WWR Article Summary (tl;dr) As Laura Yuen takes a look at what work may look like in 2022. Yuen says, “All-remote or all in-person is not the question. The future that many of us are clinging to is a mix of both worlds.”
I’m one of the millions of Americans who quit their jobs last year.
It’s not lost on me how fortunate I am to have landed a remote gig with the kind of flexibility I’ve craved ever since becoming a parent. Controlling where and when I work means I can write after putting the kids to bed or fire up the rice cooker at 4 p.m. These little liberties I’ve enjoyed as a columnist have helped my home life run more smoothly.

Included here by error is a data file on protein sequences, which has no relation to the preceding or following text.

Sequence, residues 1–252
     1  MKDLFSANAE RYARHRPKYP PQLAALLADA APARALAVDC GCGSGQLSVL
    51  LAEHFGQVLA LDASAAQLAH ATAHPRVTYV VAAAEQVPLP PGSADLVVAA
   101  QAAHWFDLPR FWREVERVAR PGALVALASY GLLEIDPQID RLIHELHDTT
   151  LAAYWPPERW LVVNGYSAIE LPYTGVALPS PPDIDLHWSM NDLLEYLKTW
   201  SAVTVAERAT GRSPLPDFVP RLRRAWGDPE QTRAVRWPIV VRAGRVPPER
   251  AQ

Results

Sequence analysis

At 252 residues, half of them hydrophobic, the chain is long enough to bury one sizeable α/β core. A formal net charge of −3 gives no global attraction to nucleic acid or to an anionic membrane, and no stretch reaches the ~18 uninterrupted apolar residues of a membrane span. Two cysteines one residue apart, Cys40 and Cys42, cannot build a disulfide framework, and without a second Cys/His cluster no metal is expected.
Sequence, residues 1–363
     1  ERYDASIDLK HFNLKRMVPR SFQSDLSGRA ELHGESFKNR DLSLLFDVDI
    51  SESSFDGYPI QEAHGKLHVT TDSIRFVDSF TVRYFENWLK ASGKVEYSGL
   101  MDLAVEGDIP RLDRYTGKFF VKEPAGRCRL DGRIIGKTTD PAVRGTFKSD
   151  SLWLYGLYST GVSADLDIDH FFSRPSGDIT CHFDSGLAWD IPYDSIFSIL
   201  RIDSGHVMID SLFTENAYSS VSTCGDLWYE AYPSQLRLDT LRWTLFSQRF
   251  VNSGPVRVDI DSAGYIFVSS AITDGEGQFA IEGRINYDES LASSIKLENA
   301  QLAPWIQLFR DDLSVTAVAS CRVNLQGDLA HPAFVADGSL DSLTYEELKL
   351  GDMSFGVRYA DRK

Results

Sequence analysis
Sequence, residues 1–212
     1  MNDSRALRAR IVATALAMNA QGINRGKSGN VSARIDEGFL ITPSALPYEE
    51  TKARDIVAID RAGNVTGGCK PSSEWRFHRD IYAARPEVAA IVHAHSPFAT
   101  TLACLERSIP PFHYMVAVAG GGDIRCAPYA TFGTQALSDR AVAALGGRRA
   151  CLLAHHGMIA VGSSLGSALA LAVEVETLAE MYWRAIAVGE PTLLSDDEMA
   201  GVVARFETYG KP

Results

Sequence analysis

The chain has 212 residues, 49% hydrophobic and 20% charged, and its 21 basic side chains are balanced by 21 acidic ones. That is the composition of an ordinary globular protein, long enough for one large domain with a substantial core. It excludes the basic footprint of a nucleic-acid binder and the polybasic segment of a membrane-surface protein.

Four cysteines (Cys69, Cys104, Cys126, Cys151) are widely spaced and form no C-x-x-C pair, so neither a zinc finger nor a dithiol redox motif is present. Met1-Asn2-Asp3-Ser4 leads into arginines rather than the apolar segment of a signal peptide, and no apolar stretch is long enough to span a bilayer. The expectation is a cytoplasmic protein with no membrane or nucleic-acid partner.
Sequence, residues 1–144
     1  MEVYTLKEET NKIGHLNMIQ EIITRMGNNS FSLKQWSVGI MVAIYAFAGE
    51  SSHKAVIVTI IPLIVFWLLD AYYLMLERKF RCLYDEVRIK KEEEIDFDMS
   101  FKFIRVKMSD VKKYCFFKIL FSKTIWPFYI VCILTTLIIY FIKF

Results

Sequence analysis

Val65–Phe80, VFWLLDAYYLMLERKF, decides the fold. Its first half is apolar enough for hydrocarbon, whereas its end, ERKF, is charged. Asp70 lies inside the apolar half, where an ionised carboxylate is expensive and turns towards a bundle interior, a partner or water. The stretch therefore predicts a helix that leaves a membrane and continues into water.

But after starting this unicorn of a journalism job in August, I’ve found myself wondering: When will I start to make friends in my new workplace?
This month was supposed to be when downtown workers headed back to the office. Omicron has made a mockery of those return dates. Nearly two years into COVID-19, sometimes it feels reasonable to ask if there will ever be a return.
My editor was determined to bring our whole team together last fall. It would have been my first-ever in-person meeting in the newsroom. The prospect of a change of scenery put some pep in my step. Would I take the bus downtown? Should I pack a lunch? Could I squeeze into pants that did not have an elastic waistband?